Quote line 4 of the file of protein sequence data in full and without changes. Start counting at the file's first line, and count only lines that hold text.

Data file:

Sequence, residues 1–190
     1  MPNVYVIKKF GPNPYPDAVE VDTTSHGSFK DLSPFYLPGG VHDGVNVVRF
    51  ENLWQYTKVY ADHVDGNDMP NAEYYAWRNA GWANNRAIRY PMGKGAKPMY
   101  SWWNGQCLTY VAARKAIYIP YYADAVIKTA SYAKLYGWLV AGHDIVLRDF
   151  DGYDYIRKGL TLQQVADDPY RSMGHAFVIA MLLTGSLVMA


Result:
   101  SWWNGQCLTY VAARKAIYIP YYADAVIKTA SYAKLYGWLV AGHDIVLRDF